The Skeletons In My Closet

Recently, after a really intense heart-to-heart with my mom, she sent me a message saying that I needed to take back the power and she is right; it is time. Time to unpack my demons that I shut away years and years ago. Time to dive face first into the pile of baggage that I have continued to carry for almost thirty years now. I would be lying if I said it doesn’t scare me – it makes me utterly and truly afraid.

But you know what I have recently started to realize? Part of the baggage is the guilt that I have for having baggage in the first place. But why?

I didn’t choose those things. Some of my fundamental issues are all things that occurred to me as a baby and young child.

How are those things my fault? They aren’t.

I didn’t choose the cards that I was dealt. I didn’t choose my circumstances or my surroundings. It’s not my job to feel guilty for the things that occurred to me or around me before I was old enough to even have a choice. I’m not going to go into detail about what my baggage entails – this is not the time or the place, but I can assure you, it’s not pretty. These are things that, despite my attempts to sweep under the rug, still seem to have an impact on my daily life as well as my decision making. What sort of responsible adult would I be if I didn’t try and face them head-on, even after all this time? Isn’t the whole point of life to move on and move forward? I have reached the end of my chains – I can no longer move forward without letting go of what is holding me back. My past has made me vulnerable. It has shaped the way that I enter and leave relationships, how I view the world, the standards that I hold myself too, and even how I view my self-worth.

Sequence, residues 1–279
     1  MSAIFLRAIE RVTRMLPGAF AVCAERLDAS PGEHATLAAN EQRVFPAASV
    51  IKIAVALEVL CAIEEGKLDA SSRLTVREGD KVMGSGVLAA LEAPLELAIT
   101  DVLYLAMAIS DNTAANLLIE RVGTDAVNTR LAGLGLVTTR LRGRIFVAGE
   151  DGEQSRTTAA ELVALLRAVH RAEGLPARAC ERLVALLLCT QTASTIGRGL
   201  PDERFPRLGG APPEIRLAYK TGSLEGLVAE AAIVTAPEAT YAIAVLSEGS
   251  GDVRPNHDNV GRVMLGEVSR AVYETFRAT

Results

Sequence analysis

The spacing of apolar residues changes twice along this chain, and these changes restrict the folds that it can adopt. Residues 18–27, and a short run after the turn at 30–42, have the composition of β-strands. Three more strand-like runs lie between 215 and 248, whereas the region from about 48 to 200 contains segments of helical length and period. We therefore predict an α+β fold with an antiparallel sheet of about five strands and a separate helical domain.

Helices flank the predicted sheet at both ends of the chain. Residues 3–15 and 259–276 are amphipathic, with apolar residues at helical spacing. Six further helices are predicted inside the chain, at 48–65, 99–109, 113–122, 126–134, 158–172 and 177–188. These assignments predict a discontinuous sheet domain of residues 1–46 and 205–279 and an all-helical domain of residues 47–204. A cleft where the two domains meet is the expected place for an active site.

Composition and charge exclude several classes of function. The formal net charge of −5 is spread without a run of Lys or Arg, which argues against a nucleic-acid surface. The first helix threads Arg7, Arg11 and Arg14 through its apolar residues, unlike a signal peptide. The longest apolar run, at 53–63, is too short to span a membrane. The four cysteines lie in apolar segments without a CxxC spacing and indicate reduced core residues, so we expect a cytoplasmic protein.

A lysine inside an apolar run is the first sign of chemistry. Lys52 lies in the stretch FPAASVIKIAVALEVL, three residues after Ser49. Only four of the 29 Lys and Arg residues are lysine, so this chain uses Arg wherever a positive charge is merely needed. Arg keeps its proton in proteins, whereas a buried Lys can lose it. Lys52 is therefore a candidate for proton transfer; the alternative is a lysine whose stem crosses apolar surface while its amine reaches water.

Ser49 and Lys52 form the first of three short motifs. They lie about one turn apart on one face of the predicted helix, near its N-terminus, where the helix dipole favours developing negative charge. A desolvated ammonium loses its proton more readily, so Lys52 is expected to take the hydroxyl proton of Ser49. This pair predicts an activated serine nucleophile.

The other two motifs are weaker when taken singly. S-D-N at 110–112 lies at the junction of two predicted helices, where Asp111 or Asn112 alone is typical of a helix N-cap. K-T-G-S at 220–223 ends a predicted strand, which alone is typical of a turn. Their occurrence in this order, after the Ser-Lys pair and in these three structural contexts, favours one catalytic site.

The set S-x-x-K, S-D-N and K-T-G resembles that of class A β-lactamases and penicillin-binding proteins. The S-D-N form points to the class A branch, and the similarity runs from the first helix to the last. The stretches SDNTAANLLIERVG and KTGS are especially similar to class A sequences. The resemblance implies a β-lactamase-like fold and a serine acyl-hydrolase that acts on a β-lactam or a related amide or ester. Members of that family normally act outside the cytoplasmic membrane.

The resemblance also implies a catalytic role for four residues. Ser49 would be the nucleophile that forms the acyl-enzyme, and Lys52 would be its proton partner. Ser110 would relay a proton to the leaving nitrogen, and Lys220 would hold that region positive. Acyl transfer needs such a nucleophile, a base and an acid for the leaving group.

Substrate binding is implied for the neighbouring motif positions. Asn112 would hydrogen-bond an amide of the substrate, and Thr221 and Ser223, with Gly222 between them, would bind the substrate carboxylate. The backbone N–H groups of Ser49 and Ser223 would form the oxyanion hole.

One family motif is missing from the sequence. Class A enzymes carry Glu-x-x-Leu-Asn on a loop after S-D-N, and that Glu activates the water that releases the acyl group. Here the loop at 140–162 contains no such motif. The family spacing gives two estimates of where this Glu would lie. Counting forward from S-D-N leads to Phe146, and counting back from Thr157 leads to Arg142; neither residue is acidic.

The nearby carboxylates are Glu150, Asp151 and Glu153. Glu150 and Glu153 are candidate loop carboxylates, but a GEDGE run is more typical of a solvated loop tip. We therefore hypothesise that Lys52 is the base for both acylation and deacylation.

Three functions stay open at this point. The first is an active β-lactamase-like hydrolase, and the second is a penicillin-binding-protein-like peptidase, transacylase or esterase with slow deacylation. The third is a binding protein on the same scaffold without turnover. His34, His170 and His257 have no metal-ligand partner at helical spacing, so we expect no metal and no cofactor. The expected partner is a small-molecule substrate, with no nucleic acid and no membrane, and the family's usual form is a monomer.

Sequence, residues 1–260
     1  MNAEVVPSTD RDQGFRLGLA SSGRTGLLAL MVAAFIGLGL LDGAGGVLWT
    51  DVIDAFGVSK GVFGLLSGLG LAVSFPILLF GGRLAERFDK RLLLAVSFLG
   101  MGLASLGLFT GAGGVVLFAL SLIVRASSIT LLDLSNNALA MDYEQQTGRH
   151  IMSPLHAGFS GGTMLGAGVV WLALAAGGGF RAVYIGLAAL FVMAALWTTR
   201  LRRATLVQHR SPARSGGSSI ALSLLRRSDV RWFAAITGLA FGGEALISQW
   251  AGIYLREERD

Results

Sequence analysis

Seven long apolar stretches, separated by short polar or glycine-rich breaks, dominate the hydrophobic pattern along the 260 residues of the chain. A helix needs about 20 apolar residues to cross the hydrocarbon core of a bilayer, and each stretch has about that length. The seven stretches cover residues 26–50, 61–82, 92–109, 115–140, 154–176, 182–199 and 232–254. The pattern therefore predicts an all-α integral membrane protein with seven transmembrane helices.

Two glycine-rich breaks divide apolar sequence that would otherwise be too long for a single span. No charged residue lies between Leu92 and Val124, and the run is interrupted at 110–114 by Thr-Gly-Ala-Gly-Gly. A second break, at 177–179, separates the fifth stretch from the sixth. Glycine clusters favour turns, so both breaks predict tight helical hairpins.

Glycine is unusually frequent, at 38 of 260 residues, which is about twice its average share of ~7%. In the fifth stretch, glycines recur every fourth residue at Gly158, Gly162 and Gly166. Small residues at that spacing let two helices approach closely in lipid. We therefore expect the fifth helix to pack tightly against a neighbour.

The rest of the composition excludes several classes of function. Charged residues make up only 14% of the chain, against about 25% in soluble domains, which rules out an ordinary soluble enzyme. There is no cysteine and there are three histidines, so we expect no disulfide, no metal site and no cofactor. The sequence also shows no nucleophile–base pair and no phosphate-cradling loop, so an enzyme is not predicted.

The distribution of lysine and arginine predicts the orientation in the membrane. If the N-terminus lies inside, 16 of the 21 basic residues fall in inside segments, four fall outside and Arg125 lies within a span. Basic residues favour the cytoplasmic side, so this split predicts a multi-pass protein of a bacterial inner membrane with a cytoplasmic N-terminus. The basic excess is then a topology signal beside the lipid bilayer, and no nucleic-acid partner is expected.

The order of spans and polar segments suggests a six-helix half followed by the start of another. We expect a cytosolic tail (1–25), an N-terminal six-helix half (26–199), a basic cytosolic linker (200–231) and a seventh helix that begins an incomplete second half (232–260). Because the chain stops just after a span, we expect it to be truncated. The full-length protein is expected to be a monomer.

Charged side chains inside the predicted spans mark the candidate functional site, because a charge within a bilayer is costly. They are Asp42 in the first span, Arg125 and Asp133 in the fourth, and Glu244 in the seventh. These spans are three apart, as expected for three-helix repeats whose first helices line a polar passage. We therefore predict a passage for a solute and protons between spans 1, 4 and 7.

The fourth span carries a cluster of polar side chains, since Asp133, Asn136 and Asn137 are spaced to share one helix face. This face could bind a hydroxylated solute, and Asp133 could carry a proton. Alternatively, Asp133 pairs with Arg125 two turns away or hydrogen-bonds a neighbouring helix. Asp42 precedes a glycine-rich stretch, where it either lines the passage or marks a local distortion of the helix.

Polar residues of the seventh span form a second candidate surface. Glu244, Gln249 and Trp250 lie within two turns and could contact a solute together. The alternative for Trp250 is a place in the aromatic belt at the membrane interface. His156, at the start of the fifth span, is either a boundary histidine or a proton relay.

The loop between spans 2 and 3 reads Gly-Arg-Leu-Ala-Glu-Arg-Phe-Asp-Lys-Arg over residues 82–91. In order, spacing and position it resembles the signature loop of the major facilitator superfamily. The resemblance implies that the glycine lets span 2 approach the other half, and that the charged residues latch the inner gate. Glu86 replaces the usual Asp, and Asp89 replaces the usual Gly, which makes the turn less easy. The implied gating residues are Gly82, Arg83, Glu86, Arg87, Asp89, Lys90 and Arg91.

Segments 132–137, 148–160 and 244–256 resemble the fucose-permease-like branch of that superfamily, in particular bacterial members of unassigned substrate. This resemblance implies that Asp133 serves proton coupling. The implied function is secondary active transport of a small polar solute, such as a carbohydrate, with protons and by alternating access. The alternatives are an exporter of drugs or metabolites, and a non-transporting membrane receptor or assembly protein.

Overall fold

In my journey to get things out in the open and confront my past, I have found a lot of inspiration and motivation, like this:

“It’s not the weight that drags you down, it’s the way you carry it.”

 Think about it. I can’t change the cards that life dealt me, but I can choose how I play them, or if I play them at all. I don’t have to have trust issues just because my trust has been violated. I don’t have to turn towards drugs and alcohol because I was exposed to it as an infant. As an individual, I have the capability to end the cycle of violence and abuse. (So much for not sharing details..…) What good does it do me to dwell on the things in my past? Why let my first four years shape the next twenty? I can’t change my past, but I alone can shape my future. The guture I envision for myself has no place for all of this negativity that I have carried around for so long. It is time – time to unpack the skeletons in my closet.

 

Melinda Worsfold can be contacted Twitter or Instagram

 

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Heather Thompson Day is an Associate Professor of Communication, and Editor of Envision Magazine at Andrews University. She is the author of 6 Christian books including Confessions of a Christian Wife, available January 2019. You can follow Heather on Twitter or IG at HeatherThompsonDay.

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